8 Mistakes Not To Make On New Year’s Eve
1. Don’t go to that party that you know your ex is going to be at. You’ll just want to kiss him/her when the clock strikes midnight and also what if he/she brought a date?! You won’t be able to deal! You’ll get plastered on cheap champagne and end up in the corner cuddling your own personal bottle of bubbly, weeping into its green glass mouth, the salt of your tears polluting that last fizz-less gulp. Speaking of which…
2. Don’t get too drunk! I know, I know… The whole point of New Year’s Eve is to get drunk. Another year with your too-low salary, tiny apartment, bad boyfriend, and daddy issues? That’s nothing to celebrate! New Year’s Eve is not so much a celebration of the new year as it is a reward for surviving the last 364 days. Congratulations! You made it! Shots all around! But seriously, don’t drink too much. The only thing worse than a champagne hangover is a champagne hangover with a full calendar of responsibilities and obligations staring you in the face. Also: If you drink too much, you’ll sleep too late and then all the good brunch places will be packed by the time you get yourself up, dressed, and out the door.
3. Don’t stay home alone, Xanax and a full Netflix queue your only New Year’s Eve companions. I know you may want to. I know you think it sounds much better than getting sloppy with a bunch of people you only barely tolerate. But just do something. Treat it like any other day: meet a similarly dispassionate friend for dinner, or see a movie in theatres, or go over to your girlfriend’s place and do something just the two of you. Trust me, it’s good for you. I don’t know why; it just is. It is good and healthy not to be a recluse on New Year’s Eve. If not directly, at least insofar as it proves to yourself that you can be a healthy reasonable human. And also, maybe, one day, when you’re finally out of this weird funk, you’ll be glad to look back and not see yourself as a complete bummer of a human being.
4. Don’t drink and drive. Seriously. Just don’t. Take cabs or stay at the same place all night or befriend a seriously sober person. Just don’t think you can drink and drive and have it turn it ok. It is absolutely not worth it.
5. Don’t try to have THE BEST NEW YEAR’S EVE EVER!!! because that is an impossible dream, sweet child. You will just be disappointed and unable to recognize the fun going on around you – fun you too could be having – for all the striving and stressing about tonight being good enough.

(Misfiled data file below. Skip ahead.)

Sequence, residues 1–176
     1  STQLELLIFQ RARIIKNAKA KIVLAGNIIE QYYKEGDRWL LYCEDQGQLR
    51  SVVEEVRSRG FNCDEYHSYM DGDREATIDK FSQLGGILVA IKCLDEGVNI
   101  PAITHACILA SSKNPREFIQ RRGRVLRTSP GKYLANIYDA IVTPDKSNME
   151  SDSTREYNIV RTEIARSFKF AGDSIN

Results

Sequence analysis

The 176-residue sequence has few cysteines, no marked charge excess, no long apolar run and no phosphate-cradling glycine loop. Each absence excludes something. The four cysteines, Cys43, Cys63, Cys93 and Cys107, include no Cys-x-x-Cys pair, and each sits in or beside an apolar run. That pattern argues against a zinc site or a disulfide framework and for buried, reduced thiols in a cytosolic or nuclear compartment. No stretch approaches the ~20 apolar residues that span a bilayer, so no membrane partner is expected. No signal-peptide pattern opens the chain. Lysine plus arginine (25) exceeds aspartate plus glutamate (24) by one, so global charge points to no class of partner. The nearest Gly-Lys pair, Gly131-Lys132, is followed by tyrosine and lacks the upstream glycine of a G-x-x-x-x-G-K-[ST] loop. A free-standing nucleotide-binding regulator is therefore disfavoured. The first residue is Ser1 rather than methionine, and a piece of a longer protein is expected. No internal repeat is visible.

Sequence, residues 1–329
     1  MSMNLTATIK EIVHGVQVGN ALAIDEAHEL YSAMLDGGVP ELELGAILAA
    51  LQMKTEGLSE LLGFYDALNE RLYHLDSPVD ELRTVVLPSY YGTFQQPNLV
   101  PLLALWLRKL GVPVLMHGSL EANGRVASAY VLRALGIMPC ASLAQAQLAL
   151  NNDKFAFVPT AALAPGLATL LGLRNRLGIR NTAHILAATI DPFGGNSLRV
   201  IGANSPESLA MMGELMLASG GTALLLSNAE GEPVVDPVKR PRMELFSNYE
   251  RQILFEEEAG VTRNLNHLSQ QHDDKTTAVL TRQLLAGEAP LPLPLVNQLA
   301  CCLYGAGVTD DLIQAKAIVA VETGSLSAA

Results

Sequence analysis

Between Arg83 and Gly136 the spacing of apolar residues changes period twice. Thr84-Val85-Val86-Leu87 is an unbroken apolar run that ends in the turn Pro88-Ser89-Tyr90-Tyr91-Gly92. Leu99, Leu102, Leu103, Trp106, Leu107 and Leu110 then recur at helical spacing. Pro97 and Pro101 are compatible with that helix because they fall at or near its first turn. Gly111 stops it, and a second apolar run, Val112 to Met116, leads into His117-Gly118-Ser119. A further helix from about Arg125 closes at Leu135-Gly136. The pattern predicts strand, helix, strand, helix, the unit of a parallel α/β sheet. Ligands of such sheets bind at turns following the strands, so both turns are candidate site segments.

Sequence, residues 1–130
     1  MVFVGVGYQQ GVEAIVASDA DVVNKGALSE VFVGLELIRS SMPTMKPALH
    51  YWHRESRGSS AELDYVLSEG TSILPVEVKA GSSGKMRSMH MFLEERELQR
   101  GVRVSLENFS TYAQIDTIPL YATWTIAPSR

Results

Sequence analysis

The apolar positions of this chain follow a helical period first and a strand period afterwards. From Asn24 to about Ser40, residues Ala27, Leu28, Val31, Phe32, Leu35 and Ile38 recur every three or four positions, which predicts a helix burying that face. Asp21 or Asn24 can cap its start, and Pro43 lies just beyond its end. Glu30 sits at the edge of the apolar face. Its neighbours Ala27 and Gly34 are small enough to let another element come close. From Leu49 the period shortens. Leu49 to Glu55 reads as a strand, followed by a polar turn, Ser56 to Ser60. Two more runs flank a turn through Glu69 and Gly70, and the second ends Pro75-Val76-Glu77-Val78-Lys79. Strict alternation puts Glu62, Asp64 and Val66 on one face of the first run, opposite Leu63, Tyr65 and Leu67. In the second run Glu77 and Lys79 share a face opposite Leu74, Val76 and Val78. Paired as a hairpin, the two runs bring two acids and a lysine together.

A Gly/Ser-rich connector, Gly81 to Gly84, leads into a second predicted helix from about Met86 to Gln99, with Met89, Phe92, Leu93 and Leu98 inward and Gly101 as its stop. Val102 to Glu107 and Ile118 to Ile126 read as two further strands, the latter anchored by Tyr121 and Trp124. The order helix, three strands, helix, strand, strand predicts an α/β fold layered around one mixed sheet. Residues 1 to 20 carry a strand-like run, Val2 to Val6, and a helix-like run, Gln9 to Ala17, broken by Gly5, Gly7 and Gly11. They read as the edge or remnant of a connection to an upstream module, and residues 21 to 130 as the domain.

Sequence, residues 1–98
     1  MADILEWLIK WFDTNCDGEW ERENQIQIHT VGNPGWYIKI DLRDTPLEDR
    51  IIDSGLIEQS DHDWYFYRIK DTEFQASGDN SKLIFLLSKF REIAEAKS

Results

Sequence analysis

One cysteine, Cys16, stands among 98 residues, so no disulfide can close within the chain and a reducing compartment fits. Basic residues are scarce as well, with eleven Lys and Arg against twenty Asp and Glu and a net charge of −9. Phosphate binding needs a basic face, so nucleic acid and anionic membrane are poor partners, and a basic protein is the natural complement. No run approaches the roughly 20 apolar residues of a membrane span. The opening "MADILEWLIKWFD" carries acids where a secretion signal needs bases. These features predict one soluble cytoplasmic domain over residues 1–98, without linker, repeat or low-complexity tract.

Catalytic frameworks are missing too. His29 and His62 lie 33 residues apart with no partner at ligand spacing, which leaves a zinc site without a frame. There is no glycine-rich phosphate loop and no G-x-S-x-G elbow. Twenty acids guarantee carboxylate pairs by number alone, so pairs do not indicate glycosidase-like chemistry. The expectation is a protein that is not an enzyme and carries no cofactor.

6. Don’t forget to bring: phone, keys, wallet. You’ll want to have enough cash to get home. You will very urgently need to call someone, perhaps for directions to a party, perhaps to let you in at the end of the night, perhaps to tell them that, yes, you do love them, you always have, and you’re sorry you waited so long to tell them so. You’re so, so sorry.
7. But don’t drunkenly confess to some love you do not truly feel, either. Don’t get drunkenly amorous. Don’t sext. Don’t sext, because: it won’t be answered, since we’re all out and busy with out own nights, and you’ll feel unnecessarily rejected. Because you should never drunkenly sext. Unless it’s to your boyfriend/girlfriend who’s used to it and finds it sweet/erotic. And also because a drunken NYE sext is just succchhhh a cliche.
8. In fact, avoid all other NYE cliches. NYE cliches are easy to recognize because they are mostly identical to prom night cliches. Don’t: become pregnant, impregnate, lose your virginity (though, somehow, taking someone else’s virginity seems perfectly reasonable and maybe even fun), cheat on your boyfriend/girlfriend, etc. NYE will forever be tainted by the memory of your icky actions. Even if the pregnancy is desired/a happy accident. Because the kid will grow up with the unsettling image of mommy and papa boning in the basement of some silly party.
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St. Patrick’s Day is a day to celebrate Ireland, and what it means to be Irish.
And other good, clean fun (yes, that means anal douches.)
Which definitely had never happened before.
Believe it or not, fear of missing out (FOMO) also extends to our online shopping habits. We love updating our wardrobes, but we find the process a little daunting because the web is abundant with retailers.